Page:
On the face of it, then, our family life was congenial—a Norman Rockwell magazine cover or a gentle fifties sitcom. Indeed, my mother was what today would be called a stay-at-home mom. She was there when we came home from school and always made sure we had a snack—to this day, cold cereal is my comfort food of choice. Our family ate its meals together, and although my mother didn't cook much (a housekeeper did, and in time, my father took it up, and excelled at it), there was always cake in the pantry (albeit store-bought), fresh fruit in the fridge, and clean laundry in our closets.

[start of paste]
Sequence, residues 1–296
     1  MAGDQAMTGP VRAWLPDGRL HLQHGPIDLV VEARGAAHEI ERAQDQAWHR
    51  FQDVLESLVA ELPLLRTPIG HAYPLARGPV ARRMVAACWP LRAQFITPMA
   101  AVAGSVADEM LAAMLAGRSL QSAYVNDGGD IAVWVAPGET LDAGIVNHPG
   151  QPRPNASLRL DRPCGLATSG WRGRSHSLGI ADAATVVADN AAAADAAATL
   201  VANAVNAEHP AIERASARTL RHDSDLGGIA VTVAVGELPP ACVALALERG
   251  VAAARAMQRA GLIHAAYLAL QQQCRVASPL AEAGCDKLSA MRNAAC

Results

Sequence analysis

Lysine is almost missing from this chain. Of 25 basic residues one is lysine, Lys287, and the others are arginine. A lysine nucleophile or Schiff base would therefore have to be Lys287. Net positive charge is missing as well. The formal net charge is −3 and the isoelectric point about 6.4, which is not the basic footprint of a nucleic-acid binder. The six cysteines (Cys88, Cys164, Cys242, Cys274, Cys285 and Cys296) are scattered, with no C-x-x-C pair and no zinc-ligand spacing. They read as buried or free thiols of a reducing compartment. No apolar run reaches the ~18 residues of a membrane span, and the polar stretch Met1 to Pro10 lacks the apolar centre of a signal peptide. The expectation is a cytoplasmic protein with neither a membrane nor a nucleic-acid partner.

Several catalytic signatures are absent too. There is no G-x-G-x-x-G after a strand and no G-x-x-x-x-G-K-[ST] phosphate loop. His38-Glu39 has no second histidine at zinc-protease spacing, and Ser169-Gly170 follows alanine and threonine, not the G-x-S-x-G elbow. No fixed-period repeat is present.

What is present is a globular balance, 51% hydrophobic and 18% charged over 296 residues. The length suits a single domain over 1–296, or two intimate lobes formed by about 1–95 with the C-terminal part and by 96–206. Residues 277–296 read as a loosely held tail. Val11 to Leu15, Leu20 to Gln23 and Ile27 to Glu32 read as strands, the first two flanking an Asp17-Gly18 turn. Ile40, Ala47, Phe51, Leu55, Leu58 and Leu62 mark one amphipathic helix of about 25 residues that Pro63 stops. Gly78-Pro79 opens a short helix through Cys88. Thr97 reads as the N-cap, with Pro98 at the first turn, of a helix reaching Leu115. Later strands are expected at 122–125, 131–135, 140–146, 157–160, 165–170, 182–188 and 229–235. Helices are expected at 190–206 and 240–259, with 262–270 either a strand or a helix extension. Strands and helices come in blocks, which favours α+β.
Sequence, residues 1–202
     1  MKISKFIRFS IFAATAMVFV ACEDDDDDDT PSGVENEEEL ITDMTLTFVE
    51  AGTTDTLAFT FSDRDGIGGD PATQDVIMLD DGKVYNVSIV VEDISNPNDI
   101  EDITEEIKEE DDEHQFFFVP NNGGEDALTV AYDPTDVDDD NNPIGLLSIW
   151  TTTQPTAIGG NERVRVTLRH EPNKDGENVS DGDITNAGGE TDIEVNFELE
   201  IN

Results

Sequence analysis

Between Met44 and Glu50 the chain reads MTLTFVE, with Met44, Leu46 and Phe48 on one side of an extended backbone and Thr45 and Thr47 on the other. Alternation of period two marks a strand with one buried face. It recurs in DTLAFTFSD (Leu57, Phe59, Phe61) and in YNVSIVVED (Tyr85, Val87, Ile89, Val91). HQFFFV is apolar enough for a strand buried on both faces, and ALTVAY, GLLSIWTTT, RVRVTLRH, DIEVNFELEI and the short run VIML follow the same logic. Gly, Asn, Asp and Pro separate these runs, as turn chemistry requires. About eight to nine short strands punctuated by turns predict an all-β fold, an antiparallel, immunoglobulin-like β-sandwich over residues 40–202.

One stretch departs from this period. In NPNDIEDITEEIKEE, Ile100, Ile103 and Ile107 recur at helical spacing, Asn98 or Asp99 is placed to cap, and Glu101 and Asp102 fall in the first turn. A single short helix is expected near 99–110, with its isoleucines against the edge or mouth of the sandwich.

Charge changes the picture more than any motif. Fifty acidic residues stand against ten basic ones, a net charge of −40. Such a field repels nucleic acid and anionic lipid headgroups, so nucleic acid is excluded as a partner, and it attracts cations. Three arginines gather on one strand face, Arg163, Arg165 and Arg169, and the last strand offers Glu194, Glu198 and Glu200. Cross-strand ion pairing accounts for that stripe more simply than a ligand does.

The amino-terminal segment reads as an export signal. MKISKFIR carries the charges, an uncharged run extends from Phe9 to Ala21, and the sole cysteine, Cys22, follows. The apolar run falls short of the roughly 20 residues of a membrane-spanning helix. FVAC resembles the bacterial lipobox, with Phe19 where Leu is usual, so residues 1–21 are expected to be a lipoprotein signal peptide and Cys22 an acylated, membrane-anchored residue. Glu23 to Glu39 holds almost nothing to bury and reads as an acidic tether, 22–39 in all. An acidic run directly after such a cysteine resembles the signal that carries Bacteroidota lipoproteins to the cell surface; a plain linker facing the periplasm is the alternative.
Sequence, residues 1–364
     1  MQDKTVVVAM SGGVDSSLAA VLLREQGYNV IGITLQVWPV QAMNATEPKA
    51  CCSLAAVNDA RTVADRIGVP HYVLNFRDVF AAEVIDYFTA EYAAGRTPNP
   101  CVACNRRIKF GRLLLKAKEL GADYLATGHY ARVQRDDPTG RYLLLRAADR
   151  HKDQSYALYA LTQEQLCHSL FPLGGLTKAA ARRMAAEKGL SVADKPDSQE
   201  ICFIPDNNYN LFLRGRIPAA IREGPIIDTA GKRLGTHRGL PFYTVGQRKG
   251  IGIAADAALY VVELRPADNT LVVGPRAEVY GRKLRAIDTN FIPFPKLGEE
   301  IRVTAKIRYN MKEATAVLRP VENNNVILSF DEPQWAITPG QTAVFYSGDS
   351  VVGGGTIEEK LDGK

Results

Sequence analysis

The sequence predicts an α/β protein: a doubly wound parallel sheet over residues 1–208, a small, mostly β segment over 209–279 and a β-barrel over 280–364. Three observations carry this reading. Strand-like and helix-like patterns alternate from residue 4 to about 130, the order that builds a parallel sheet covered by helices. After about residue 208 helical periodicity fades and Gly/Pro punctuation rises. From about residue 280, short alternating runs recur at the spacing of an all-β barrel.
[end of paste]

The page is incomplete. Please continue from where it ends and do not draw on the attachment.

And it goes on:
Under that pleasant surface, however, things were more complex, as family matters inevitably are. Like all parents, mine had their strengths and their weaknesses. They were profoundly close to each other; in fact, they've always enjoyed being with each other more than they like being with anyone else, including, sometimes, their children. In the style of many 1950s couples, they seemed not to exist in any way independent of each other. My mother was always very physically affectionate with my dad in public; he was less so with her, but never dismissive or rude. It was just always clear that he was the boss. For my mother, it was always "Anything you want, dear," just as it had been for her mother. If she'd had any particular professional ambition when she went off to college, I've never known what it was, although she was a central part of a successful antiques business she and my father started together. Still, nothing's changed much in their dynamic in the intervening years. Recently, my mother announced that she'd given up her own political opinions in order to share my father's.